Obviously Shalen I’ve outlined what the Agency’s doing and how we are working with vendors on the health side and the digital health enablement and the vendors we’re working with there. And whilst I won’t speak on behalf of the Department but there is also a grants process obviously around facilitating the adoption of the electronic national residential medication charts as well. And I know there’s some information on Health’s website in relation to that in the sort of health side of the space so you can look to those sorts of resources as well.

Audience Member:

Thank you very much.

Janine Bennett:

Thanks very much Shalen. Appreciate the question. Okay. We’ll go ahead and get Sally on stage if we can. And in the meantime I’ve got a question from Isabella that I’ll ask on her behalf.

Q: When will the MAC portal API be available for NOI and is there test data available now?

I think that might be one for you Fay.

Fay Flevaras:

I’ve noticed we’ve got Emma in the background as well with Thea. So Emma I might kind of invite a bit of a share here. Emma where’s our plans for B2G as a foundational capability? You might want to throw to that first and then I can talk to which APIs after that. Would you like to take that?

Emma Cook:

So I’ll cover it at a high level. So currently we’ve been working closely with sector partners and the sector more broadly to understand priorities and to understand their needs as we move to roll out the different components of B2G, and the first of which is expected around mid-year which is the developer portal. And from that point onwards we can start to understand or get registration of interest, understand which software vendors would like to be involved and explain to them what they’re going to need to do. Now from later on this year or by early next year we’ll be looking to rollout APIs. And again that will depend on what the priority areas are for the sector and we’ll look to launch an initial couple of APIs and then again continue that discussion with the sector, really be led by their needs and on a really firm I guess data strategy which the Department’s also building out to ensure that we work towards something where the whole is greater than the sum of the parts and the APIs are feeding into that.

Fay Flevaras:

Excellent. That’s awesome Emma. And I think I’ll just add to that. We’re definitely trying to take a holistic approach to the API set. As Emma said we’ll start with a few but it’s about getting the 60% of data through open APIs so that we’re collecting information once and not doing it over many different APIs for duplicate reasons. Quality indicators which is I think part of your question, that’s one of the first ones we’ve actually started mapping the data for along with Josh and the team so that we can get those as one of the first APIs hopefully out there to help support the automation.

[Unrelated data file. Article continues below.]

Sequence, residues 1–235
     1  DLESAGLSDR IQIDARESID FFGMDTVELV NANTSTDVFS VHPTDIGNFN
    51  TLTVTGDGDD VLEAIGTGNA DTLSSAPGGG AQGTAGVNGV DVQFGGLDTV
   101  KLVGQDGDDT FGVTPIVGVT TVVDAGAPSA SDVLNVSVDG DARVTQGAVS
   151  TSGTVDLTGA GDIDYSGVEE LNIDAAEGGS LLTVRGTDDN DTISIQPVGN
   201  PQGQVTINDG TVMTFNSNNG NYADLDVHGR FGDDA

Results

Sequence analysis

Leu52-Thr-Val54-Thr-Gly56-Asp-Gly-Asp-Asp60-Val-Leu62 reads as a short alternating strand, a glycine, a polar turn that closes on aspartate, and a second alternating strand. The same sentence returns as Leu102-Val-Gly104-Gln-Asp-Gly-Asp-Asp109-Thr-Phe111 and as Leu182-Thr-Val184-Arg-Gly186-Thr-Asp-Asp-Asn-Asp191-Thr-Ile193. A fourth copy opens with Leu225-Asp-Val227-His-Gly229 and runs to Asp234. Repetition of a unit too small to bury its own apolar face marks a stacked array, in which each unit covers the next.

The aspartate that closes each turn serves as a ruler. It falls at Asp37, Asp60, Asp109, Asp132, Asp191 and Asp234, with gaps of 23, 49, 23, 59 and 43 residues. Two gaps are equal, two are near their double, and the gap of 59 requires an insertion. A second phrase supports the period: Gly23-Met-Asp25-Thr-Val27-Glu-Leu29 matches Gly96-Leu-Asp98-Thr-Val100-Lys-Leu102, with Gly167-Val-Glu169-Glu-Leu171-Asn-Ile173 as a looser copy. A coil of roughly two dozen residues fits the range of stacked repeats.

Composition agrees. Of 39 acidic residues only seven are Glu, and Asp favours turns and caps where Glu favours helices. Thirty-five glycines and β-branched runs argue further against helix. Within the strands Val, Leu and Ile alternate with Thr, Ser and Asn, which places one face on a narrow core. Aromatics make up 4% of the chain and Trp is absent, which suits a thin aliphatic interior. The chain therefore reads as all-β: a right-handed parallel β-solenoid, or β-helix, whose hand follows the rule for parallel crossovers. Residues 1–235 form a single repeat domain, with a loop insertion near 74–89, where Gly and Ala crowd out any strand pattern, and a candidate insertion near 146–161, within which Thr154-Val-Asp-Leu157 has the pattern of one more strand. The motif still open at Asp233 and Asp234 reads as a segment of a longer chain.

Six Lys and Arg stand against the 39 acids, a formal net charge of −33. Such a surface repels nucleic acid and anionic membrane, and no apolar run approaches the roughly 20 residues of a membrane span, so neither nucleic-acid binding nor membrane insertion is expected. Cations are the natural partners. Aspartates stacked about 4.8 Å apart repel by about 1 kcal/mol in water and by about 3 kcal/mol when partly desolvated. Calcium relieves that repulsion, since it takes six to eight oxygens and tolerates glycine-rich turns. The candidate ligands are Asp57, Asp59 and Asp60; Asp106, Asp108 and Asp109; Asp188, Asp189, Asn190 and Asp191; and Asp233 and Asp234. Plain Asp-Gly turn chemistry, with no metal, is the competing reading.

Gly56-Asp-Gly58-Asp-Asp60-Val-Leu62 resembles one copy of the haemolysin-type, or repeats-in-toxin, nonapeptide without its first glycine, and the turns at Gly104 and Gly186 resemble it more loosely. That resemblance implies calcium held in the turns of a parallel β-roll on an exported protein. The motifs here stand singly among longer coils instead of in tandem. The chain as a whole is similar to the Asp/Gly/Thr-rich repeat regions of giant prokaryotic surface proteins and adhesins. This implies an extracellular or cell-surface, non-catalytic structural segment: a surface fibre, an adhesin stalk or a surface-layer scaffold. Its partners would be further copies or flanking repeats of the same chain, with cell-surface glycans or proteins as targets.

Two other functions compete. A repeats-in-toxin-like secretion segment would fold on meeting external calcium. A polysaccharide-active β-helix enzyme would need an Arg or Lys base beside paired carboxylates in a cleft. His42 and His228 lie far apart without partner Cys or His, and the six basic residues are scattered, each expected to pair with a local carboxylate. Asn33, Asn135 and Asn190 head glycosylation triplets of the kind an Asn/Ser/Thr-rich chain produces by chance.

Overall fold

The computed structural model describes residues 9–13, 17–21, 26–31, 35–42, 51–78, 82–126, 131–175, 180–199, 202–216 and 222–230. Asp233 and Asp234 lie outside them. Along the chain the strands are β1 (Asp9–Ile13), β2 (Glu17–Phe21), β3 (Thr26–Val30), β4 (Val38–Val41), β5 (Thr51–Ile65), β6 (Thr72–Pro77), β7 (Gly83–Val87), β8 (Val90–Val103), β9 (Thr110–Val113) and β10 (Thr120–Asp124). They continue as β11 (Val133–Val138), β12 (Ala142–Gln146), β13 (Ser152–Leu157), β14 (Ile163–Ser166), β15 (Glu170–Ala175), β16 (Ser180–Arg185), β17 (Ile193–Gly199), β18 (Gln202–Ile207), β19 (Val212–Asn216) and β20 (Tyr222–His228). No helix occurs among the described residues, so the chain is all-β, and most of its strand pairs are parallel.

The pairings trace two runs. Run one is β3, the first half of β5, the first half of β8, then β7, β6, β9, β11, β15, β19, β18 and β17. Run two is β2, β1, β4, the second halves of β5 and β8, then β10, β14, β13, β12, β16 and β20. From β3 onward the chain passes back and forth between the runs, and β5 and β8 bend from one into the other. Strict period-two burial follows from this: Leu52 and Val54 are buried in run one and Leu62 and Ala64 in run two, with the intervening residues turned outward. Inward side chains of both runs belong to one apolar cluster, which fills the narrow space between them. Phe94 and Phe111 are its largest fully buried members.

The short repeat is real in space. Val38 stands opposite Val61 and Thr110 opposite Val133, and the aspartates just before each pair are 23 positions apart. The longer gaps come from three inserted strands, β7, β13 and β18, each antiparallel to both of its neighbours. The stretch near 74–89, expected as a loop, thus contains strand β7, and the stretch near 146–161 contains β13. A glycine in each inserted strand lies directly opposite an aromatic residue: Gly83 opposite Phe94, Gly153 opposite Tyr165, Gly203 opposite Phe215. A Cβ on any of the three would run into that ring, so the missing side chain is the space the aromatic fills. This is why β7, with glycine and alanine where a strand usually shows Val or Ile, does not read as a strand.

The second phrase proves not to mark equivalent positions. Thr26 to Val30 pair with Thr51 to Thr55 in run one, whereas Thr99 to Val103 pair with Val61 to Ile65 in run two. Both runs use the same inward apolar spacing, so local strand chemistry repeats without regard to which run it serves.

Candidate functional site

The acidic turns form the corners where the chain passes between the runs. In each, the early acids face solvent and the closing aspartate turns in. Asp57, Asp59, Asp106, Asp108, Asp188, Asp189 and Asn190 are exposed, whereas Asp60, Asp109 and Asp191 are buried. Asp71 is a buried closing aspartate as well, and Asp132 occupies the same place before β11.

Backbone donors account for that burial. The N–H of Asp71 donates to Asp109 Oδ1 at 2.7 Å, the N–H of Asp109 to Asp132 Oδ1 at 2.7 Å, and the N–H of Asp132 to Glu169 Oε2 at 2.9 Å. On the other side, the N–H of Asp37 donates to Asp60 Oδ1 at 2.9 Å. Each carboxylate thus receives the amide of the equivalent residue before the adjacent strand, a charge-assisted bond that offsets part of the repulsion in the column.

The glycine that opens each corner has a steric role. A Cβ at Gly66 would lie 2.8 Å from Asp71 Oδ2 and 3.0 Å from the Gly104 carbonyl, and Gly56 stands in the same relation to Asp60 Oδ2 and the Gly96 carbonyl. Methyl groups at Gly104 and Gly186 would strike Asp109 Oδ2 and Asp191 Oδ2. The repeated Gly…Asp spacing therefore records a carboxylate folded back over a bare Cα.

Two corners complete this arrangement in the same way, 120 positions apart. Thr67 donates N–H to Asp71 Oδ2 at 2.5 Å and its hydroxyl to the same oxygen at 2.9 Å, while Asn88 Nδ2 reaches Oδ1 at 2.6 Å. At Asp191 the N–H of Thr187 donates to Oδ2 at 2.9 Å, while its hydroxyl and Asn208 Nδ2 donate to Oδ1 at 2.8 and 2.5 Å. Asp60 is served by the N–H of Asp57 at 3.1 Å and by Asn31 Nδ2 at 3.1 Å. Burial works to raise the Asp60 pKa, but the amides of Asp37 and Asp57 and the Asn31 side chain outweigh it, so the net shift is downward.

So I guess it’s watch this space over the next two to six months. There will be definitely some changes.

Janine Bennett:

Great. Thanks very much guys. Appreciate the clean handball there between our business and IT folks. Okay. Sally thank you so much for your patience. I’ll let you ask your question to the panel.

Audience Member:

Thank you. It was probably more of an observation than a question. I think I’m thinking of our clients we have and being in a country area as a provider I’m very mindful of the low level of digital literacy and online connectivity for our clients in particular. And I love the concept of innovation and technology and I can see the advantages. I’m just concerned that we’re forgetting there is still a chunk of the community who don’t have access, don’t have the skills and may be lost or forgotten in this transition with the uptake of technology. And I think that was obvious when things were rolled out for COVID and let’s do it all online, and yet there was this large chunk of the community that didn’t have access or capacity. So that’s more of I guess a commentary that I’d like to hear back from, that we aren’t forgetting about those who don’t have that access. A large chunk of our clients don’t even own mobile phones so it’s going to be quite difficult to have sort of online management of anything when you don’t even have online connectivity.

And if I could just ask a second question. I’m just mindful about the online platform. And there was a statement about where a client chooses to use an online platform case notes are shared by independent providers through the platform. How does that fit in with privacy for each organisation and the client?

Janine Bennett:

Great. Okay. So we’ve got two chunky questions there. The first one around digital literacy which is definitely front of mind for a number of initiatives across the program. I might throw that one open because I know that it’s being thought of across the board. Did someone want to jump in from the panel on the digital literacy question?

Fay Flevaras:

I might just give two sentences and then the panel can add. We’re definitely looking at our digital strategy. It’s not a digital only and so I want to make that very clear. So we are looking at our channel strategy that supports in there. And so we definitely have face to face and other mediums to make sure that we’re catering for the spectrum of the audience that we have. So although we kind of always talk about digital transformation it’s not digital only and it’s not digital first. It is about trying to make sure that we cater for everyone. So not sure if anyone wants to add to that in any way.

Thea Connolly: